Since investing in startups comes with high risk, startup founders frequently offer valuation caps as incentives to bring in early investors. This happens not just with traditional funding mechanisms but also with SAFEs (Simple Agreements for Future Equity), financing devices that give early investors the same right to future equity in the company as more traditional forms of funding, yet are simpler, less expensive, and less time-consuming to execute.
A valuation cap is a ceiling imposed on the price at which a SAFE will convert to stock ownership in the future. It is the maximum valuation at which an investor can convert a SAFE into equity: a pre-negotiated amount that serves to “cap” the conversion price once shares are issued. Investors prefer low valuation caps: the higher the valuation cap, the smaller the percentage of ownership the investor will get. Early funders understand that future funders will also want a portion of the equity in the company and want to make sure they receive a reward for having come in early.
One finance writer has stated that the valuation cap is one of the most important terms in seed investment agreements. Contrary to some investors' notions, a cap is not a valuation of the company but rather is the result of negotiation between the funder and the investor as to what the company might be worth. It takes place before enough actual data is available to allow for a more informed assessment. The cap's purpose is to ensure that an investor does not miss out if the company's projected value subsequently increases beyond the previously negotiated estimate. It allows investors to get a better price per share than subsequent investors.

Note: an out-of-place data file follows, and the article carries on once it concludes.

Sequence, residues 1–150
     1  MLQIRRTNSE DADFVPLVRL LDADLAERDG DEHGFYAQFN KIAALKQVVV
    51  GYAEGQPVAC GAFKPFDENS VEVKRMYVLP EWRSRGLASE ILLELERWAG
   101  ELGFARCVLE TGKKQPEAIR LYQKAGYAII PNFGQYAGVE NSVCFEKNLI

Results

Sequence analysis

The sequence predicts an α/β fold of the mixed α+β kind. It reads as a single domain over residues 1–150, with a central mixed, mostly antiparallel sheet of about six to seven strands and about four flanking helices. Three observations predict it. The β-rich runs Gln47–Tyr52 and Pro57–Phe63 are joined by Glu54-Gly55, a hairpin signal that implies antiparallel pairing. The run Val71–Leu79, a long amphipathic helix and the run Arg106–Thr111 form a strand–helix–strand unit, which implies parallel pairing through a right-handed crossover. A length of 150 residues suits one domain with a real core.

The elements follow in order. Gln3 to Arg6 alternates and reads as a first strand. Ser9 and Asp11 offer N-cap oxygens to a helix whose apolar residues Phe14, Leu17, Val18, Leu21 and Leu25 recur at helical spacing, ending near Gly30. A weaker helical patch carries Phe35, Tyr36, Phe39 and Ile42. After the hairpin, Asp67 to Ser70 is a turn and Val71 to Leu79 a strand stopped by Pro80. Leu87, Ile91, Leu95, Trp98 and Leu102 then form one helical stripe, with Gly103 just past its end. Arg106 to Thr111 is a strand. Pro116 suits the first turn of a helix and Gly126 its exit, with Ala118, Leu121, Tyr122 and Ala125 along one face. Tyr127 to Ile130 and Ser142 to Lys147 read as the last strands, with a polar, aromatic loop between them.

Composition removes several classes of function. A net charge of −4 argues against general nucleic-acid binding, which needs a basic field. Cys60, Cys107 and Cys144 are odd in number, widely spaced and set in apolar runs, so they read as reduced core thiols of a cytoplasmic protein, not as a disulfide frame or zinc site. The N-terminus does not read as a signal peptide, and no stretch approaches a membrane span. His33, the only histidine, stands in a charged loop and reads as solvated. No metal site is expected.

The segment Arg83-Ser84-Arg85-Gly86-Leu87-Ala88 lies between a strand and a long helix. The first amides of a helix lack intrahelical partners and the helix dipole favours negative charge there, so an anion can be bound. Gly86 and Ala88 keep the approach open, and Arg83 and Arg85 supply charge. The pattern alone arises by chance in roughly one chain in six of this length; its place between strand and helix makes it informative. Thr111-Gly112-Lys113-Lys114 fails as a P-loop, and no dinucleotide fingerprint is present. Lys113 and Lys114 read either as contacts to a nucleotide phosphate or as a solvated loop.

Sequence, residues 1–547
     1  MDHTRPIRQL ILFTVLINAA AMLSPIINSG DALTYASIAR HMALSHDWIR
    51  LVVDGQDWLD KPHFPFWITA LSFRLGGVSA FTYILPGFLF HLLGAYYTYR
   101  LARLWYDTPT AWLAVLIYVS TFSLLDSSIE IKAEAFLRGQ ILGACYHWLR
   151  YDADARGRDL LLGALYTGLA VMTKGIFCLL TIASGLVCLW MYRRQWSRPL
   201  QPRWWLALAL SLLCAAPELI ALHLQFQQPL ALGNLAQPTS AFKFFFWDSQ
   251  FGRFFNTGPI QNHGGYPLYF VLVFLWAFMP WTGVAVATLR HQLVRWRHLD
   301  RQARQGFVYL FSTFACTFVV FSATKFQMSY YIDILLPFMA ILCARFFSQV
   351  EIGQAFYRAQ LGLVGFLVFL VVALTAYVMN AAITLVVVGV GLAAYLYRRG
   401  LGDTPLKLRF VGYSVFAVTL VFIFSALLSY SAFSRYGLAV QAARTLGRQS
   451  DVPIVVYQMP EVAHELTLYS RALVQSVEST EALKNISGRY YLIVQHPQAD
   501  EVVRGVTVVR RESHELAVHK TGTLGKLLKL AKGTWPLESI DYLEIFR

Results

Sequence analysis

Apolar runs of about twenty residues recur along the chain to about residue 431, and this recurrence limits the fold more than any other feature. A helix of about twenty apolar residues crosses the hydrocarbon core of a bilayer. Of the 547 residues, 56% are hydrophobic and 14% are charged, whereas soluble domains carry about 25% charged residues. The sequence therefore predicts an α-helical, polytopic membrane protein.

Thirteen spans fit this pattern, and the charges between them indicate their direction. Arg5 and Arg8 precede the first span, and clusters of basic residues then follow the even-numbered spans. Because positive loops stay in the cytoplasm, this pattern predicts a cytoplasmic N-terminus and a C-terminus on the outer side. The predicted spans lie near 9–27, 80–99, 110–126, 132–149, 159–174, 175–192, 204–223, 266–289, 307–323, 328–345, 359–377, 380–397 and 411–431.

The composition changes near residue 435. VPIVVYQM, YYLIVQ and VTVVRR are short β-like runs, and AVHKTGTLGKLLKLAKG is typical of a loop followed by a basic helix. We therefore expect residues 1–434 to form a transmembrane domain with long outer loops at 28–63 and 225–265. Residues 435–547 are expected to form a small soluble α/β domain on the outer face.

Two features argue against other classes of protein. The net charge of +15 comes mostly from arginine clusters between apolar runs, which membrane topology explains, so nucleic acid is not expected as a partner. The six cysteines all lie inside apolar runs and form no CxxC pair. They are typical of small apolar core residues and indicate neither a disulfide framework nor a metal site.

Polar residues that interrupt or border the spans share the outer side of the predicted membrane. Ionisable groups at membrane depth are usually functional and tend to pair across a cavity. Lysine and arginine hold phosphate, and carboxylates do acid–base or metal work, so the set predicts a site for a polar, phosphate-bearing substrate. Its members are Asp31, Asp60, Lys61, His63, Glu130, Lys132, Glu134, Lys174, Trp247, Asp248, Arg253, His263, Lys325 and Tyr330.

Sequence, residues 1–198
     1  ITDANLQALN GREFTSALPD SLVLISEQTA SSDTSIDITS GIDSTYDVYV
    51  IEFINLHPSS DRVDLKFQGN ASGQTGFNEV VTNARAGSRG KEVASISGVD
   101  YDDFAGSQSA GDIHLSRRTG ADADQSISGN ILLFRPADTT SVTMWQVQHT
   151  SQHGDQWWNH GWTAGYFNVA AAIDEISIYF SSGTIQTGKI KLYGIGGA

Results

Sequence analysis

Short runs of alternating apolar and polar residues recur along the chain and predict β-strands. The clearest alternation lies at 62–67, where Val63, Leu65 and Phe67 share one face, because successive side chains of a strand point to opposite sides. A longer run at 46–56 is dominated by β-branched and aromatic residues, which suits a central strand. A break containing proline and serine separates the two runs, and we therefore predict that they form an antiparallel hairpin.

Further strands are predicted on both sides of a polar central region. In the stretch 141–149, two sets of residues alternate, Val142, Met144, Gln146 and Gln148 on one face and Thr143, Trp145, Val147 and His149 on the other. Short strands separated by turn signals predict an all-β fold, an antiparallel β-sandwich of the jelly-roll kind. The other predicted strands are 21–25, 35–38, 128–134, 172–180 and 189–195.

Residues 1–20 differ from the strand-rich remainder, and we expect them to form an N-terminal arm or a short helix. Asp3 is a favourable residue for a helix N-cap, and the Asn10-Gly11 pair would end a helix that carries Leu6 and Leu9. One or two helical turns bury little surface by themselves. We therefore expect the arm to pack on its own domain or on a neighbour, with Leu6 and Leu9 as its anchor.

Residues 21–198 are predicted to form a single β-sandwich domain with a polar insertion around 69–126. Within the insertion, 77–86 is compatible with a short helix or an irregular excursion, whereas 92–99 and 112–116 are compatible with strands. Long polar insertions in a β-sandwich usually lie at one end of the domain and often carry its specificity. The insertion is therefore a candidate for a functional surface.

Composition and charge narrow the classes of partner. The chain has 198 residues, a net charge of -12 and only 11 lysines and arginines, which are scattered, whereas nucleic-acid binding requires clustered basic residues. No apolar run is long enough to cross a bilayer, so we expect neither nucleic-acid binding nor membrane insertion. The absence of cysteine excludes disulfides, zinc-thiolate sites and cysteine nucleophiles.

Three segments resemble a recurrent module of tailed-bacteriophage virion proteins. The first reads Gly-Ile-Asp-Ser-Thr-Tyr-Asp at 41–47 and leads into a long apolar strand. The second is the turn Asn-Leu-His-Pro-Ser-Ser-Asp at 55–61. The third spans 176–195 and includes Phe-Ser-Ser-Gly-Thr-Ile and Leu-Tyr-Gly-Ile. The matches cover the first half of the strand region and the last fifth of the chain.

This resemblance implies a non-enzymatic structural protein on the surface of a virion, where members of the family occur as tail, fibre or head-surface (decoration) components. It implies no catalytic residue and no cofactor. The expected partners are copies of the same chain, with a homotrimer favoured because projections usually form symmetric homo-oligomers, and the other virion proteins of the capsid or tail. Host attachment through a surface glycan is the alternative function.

If the company raises money above the cap, the investor can invest at a price equivalent to the share cap. When the shares are issued, the investor will receive the equivalent number of shares as if they had invested more money.
For example, if the valuation cap is $5 million and the company ends up raising money at a valuation of $10 million, the investor is entitled to convert his SAFE at a share price equivalent to $5 million.
A valuation cap also protects investors from disproportionately small equity conversion percentages during subsequent valuation rounds. Sophisticated investors generally insist on a cap; without one, their investment will be watered down if the company's value starts to skyrocket.
There are possible drawbacks to valuation caps, however: Because the maximum price is limited, if the startup value becomes unexpectedly high in subsequent rounds, it could eclipse the cap to the investor's disadvantage. For example, if an investor's SAFE has a valuation cap of $1 million, and the company's valuation at the next funding round reaches $2 million, the SAFE will nevertheless convert into equity at the valuation cap price of $1 million. To compensate for this, founders often offer early investors discounts in addition to caps.
While the cap places a ceiling on the value of the next round of funding for investors, a discount offers them a certain percentage off. Caps and discounts cannot be used simultaneously; when the next round occurs, an investor must choose between the two and calculate which one will work out better for them financially.